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How to Build Positive Thinking to Improve a Bad Day

How to Build Positive Thinking to Improve a Bad Day

I’ve had some bad mornings in my life — mornings where I woke up late for work or school (sometimes even waking up after I was supposed to be there), hungover, still bruised and/or bleeding from the night before, broke, in a car, on the street, and next to some insane people. From that point, the day goes downhill — I lost my job, car, and house; missed the bus; went broke; missed lunch; said the wrong thing on the news; got surrounded by police and homeland security; and ended up in the hospital, where I was released with nothing but a pair of shorts and my iPhone. Despite all of these problems, I manage to wake up again the next day, ready to face and change the world with the power of positive thinking.

Happy people used to annoy me. I was never one of those happy people until the last year or so. Before I became happy, I would listen to angry music, relate to it, and start steering my life toward that direction. When 2Pac, Eminem, etc. shouted about their problems, I internalized them and made them my own. The anger they expressed became what I thought I had to be in order to follow the footsteps of my idols… but then I realized I don’t have to be angry; just because I have problems doesn’t mean I have to focus on them. Instead, I can resolve them internally and work toward a positive outcome. This is when I discovered the power of positive thinking, and I’d like to share with you its simplicity.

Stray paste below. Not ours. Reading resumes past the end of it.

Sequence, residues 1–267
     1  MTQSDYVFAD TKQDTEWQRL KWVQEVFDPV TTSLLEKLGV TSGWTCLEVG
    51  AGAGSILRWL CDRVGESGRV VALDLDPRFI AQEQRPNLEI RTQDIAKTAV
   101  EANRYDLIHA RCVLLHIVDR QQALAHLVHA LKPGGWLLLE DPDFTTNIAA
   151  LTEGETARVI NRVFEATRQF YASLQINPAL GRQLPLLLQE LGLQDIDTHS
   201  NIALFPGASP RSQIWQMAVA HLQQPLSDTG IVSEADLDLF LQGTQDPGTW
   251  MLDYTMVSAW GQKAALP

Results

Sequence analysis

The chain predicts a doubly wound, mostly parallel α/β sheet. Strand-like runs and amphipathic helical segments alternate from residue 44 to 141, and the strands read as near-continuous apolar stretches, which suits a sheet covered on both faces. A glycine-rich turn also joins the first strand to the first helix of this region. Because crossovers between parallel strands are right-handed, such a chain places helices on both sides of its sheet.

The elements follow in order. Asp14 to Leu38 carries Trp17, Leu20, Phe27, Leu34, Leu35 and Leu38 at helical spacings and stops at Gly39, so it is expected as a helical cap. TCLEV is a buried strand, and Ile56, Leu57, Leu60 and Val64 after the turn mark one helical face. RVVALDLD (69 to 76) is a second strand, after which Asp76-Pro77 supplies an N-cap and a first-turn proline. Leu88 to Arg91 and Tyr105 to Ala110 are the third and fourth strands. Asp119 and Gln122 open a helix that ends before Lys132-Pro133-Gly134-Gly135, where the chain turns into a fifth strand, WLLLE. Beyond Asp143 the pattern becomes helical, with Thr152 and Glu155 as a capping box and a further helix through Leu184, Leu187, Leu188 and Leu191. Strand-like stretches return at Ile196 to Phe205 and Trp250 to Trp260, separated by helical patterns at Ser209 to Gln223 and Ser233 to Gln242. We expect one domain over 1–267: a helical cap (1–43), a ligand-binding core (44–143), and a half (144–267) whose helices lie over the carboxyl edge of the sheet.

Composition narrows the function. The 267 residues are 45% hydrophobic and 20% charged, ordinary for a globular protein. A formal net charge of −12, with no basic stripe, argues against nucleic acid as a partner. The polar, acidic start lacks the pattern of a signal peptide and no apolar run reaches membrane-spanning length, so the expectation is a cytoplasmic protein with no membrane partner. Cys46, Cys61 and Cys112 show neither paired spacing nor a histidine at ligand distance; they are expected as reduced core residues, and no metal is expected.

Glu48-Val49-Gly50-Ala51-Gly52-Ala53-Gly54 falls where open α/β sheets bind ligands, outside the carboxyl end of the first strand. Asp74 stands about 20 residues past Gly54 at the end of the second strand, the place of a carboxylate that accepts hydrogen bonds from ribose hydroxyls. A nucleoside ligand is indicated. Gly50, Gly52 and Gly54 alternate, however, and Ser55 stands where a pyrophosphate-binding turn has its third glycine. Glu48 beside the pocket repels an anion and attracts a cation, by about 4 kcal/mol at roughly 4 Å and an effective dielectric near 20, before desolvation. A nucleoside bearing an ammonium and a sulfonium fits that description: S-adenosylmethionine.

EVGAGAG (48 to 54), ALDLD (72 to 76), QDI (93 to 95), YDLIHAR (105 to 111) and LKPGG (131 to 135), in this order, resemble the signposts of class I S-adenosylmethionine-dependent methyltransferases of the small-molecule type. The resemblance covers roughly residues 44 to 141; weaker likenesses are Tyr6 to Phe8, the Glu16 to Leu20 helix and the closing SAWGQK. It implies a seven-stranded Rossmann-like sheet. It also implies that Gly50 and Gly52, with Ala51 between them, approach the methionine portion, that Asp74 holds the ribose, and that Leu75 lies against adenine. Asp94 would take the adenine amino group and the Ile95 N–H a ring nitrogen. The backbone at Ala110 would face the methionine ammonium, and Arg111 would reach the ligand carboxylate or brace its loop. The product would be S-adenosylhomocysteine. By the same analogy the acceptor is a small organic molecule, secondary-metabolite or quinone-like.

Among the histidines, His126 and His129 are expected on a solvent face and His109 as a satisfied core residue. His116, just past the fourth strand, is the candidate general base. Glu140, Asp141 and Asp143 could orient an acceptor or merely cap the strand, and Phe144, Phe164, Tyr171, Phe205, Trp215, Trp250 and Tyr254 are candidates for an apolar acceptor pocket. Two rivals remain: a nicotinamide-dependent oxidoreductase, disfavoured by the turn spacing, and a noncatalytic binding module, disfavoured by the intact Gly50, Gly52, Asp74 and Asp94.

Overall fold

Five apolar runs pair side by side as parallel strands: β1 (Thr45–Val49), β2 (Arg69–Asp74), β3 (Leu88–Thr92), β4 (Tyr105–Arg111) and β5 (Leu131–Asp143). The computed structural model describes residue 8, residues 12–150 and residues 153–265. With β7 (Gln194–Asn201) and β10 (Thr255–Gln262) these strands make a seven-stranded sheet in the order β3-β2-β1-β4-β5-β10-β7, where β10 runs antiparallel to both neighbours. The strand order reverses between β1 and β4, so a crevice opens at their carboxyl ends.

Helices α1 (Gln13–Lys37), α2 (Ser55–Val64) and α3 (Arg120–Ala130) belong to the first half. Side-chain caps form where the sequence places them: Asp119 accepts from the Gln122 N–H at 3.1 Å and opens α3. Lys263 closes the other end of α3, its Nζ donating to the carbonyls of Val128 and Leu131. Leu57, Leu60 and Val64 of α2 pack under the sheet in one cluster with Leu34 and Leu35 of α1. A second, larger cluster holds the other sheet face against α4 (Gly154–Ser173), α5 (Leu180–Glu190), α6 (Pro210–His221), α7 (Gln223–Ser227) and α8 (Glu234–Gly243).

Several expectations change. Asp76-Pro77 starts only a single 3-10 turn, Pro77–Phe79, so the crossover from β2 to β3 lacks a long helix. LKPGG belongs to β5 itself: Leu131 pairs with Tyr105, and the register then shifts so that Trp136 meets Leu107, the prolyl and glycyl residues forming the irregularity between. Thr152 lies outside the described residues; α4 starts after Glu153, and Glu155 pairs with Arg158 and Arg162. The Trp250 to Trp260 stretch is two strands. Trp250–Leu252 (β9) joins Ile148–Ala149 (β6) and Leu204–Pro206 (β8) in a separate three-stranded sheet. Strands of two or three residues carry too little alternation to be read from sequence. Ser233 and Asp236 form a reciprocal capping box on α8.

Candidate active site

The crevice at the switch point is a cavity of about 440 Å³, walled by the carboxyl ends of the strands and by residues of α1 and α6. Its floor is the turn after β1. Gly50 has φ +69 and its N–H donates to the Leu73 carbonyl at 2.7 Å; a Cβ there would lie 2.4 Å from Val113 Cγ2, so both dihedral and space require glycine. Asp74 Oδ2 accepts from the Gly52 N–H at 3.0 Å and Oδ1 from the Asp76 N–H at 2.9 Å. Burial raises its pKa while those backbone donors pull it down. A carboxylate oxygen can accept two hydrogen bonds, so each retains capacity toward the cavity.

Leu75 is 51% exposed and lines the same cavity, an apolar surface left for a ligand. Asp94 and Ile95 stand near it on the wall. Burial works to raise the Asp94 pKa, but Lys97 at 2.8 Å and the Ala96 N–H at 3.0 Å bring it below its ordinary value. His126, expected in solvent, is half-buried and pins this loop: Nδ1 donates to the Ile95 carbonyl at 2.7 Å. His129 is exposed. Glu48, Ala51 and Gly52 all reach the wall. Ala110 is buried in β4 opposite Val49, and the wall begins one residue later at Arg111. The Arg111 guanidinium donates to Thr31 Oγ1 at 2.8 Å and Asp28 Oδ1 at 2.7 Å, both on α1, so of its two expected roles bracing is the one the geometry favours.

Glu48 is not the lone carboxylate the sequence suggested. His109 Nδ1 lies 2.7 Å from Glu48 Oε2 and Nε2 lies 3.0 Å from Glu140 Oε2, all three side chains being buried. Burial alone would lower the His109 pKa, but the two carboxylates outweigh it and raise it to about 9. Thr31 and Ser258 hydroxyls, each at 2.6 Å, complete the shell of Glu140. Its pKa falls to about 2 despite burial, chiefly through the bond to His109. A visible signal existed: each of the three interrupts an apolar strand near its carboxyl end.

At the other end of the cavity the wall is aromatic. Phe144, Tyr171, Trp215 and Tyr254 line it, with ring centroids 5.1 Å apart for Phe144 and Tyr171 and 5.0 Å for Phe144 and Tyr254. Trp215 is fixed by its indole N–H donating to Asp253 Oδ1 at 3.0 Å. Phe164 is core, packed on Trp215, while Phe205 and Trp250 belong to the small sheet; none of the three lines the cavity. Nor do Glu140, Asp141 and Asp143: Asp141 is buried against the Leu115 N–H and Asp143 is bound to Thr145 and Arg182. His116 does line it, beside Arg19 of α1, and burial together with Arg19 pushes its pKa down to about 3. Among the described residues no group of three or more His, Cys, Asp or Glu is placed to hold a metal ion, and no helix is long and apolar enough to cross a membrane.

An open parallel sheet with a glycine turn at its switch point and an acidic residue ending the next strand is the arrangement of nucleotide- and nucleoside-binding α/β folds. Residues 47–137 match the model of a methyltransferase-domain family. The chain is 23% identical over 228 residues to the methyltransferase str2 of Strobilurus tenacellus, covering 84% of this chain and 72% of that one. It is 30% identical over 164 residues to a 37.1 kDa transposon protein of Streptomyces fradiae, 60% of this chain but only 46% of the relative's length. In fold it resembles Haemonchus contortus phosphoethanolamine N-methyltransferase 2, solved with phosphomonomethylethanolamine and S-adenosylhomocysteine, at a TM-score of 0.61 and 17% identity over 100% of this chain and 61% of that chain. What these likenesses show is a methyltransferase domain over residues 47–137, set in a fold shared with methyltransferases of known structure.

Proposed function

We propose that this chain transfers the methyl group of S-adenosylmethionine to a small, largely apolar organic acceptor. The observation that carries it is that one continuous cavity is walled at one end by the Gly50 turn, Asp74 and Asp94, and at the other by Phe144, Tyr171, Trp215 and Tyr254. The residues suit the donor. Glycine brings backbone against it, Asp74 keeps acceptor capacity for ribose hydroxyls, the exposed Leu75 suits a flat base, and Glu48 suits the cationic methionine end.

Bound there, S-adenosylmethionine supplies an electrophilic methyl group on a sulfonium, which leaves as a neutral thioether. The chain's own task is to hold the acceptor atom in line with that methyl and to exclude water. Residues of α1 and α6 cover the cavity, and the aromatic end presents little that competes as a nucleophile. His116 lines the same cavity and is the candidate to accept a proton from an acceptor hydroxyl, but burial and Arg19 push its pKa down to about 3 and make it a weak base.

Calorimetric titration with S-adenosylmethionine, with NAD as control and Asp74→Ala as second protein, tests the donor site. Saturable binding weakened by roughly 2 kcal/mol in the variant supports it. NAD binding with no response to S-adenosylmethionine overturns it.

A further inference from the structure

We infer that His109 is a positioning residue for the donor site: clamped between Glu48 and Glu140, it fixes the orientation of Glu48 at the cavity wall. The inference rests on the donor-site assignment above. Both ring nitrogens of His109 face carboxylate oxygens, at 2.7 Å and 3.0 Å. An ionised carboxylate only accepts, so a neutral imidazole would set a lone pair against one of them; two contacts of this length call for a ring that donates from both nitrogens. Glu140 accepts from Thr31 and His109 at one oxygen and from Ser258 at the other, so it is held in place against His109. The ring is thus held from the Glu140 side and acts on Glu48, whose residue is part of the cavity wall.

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    Just Do It

    The trick to positive thinking is to simply think positive. I know this sounds a bit obvious and unobtainable, but bear with me — it’s easier than it sounds. Your thoughts are under your control. You’re the only person who ever hears them unless you choose to say them or (preferably) act on them. Let’s say you’re a couple of dollars short on your electric bill; you can choose to either freak out and stress about how broke you are, lowering your mood and allowing your day to be controlled by the electric company, or you can choose to focus on how to make the best of the position you’re in.

    Take the MCs I used above as an example. Sure, 2Pac and Eminem aired their dirty laundry and angry thoughts in their music, but they didn’t climb to the top of the hip-hop game by doubting themselves. Both of these men put themselves out there, knowing they could fail, but also believing in themselves enough to rise above the competition. Eminem, for example, is known for publicly discussing his mama and baby-mama drama. Instead of dwelling on it, he made a career out of it, talked his problem out, and moved past them. You can do the same.

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      You’re Not Alone